Of course, the bad news is that they will finish it too quickly – I clocked Legend in about nine hours, and plenty of other folks have finished it in less. It’s a shame, because with two major exceptions I thoroughly enjoyed those nine hours and would have been delighted to have another nine without the wait for a sequel. Why, when the game works so well, and when the storyline proves surprisingly engaging, does it all have to end so soon?
Those two exceptions? Well, let’s just say that Legend has been hit hard by the curse of the modern action game: the overly intricate boss battle. I won’t give away details – trust me, you’ll know when you get there – but these encounters not only annoy with their crazy “how on Earth would you think of that?” mechanics, but expose otherwise concealed weaknesses in the controls and auto-targeting. If I’ve only got seconds to pull a lever, it would be nice to guarantee that I could target it first time. Right, Crystal Dynamics? Right?
So Tomb Raider: Legend just falls short of must-have status. Certainly, the casual audience that first made Lara such a breakout character won’t be disappointed, but neither the appearance of collectible bonuses nor the provision of a Croft Manor sub-game where you can hunt down artifacts and parade Lara around in unlocked costumes really make up for the short running time. Having said that, I loved nearly every single minute. It seems doubtful that Lara will ever match her first game for ground-breaking brilliance or impact – nor reach the dizzy heights of Prince of Persia: The Sands of Time – but this game reminds you why she was so special in the first place. If Crystal Dynamics can hold the quality and up the quantity next time around, there’s no reason why this franchise shouldn’t go from strength to strength.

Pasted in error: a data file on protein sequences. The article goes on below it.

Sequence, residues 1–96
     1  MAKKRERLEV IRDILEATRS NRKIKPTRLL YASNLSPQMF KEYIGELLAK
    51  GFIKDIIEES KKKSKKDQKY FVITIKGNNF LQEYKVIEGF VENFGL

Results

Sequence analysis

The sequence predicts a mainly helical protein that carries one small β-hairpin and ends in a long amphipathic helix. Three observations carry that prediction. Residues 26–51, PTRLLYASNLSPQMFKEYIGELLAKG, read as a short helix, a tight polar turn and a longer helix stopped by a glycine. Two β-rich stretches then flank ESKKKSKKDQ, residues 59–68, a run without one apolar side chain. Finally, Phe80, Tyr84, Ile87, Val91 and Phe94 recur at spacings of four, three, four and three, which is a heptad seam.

The gaming equivalent of U2’s All That You Can’t Leave Behind or Star Wars: Episode III – a work that’s not quite good enough for classic status but still a fine return to form.